I Breathe, Therefore I am
I Breathe, Therefore I amCaroline Cederquist
A memoir about surviving one’s family.
‘I’ve risen above the misery from which I came. I’ve been in therapy for many years and created a good life for myself with a wonderful daughter, fantastic friends, and a career in journalism. And I have put the past and the dark behind me; I do not want to remember. I’ve washed away my past but, suddenly, everything is rushing back.’
Caroline Cederquist’s I BREATHE THEREFORE I AM is the story of a child whose father chose alcohol over his family, and whose mother put her own needs in front of anyone else. The result is chaos, social services and many, many homes along the way. Throughout her childhood, Caroline Cederquist endured neglect from those who should have provided care, safety and love.
Her teenage years were volatile, and as an adult, Caroline would follow in her mother’s footsteps, entering a string of meaningless relationships and emotional instability left her feeling vulnerable and powerless. Deciding to put an end to the vicious cycle, she sets about undoing the damage done by her parents by taking care of herself and those around her. And in that decision, she also decides to break up with her mother for good.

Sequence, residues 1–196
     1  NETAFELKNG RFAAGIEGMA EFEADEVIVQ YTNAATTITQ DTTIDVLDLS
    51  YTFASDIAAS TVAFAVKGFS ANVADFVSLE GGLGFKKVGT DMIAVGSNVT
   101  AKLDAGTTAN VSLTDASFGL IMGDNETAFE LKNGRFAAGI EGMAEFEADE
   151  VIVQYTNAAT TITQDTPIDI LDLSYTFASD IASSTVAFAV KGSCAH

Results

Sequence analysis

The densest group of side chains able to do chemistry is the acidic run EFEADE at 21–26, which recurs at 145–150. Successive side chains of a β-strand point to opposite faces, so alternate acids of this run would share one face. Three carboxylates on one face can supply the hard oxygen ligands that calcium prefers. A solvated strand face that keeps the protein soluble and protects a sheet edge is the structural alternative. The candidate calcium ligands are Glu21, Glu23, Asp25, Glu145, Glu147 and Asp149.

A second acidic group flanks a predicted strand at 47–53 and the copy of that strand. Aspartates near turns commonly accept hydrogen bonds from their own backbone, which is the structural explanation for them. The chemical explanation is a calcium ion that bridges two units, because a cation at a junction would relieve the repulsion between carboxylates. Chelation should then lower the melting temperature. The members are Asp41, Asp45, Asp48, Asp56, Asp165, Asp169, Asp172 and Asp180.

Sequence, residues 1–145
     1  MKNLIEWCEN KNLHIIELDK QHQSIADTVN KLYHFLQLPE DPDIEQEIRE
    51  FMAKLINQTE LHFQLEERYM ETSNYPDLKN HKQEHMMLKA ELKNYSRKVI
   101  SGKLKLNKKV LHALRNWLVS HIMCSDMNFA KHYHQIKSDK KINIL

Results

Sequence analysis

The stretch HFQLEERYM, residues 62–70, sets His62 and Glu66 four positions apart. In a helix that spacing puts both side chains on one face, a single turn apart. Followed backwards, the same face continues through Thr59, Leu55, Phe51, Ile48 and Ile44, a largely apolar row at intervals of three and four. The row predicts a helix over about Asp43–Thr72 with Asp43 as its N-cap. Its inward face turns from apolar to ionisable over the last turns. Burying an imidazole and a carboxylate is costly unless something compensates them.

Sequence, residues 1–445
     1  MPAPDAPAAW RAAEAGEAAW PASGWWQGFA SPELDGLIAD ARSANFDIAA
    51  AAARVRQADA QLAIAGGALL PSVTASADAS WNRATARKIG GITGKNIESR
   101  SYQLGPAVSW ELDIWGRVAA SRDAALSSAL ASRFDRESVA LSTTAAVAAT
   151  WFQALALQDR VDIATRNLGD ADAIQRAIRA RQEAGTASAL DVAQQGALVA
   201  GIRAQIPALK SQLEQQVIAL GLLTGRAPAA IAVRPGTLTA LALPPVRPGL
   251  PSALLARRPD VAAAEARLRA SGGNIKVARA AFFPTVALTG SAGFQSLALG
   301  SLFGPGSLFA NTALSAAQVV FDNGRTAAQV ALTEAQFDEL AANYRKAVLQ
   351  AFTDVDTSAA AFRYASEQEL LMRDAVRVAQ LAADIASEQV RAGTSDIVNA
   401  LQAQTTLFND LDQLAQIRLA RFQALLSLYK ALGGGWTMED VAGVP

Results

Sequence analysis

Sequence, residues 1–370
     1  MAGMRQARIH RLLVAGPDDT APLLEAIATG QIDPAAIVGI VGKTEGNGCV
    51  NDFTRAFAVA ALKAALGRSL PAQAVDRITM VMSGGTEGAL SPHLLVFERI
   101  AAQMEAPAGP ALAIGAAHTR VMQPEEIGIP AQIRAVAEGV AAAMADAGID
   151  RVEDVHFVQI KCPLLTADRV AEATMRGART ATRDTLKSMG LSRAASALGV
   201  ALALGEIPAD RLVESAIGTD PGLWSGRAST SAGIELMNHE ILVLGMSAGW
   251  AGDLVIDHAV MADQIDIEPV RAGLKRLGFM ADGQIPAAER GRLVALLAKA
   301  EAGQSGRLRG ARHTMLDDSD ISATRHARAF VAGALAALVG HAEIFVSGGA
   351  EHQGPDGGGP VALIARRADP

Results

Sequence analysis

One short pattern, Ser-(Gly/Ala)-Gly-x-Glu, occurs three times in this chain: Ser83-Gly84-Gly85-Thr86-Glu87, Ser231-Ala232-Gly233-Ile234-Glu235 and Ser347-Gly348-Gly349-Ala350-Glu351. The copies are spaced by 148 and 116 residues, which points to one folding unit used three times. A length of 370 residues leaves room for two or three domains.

Discovering the power of the written word at a young age that lead to a very successful career in journalism and communication, Caroline Cederquist packs a literary punch with her raw and unflinching account of the reverberations of a toxic mother-daughter relationship, and the damage done by an alcoholic and volatile father. This is a memoir about surviving in spite of your family and coming out the other side, stronger and wiser, in the vein of Jeannette Walls The Glass Castle.
‘Effectively told, a raw mix of the films Boyhood and Mommie Dearest, which affects you long after you’ve stopped reading.’
— Catia Hultquist, News Editor Dagens Nyheter
‘With a page-turning, clear-sighted and sparse style, a narrative depicted from the perspective of the victim, a detached yet gripping observation of the adult world becomes an extra-ordinarily strong story.’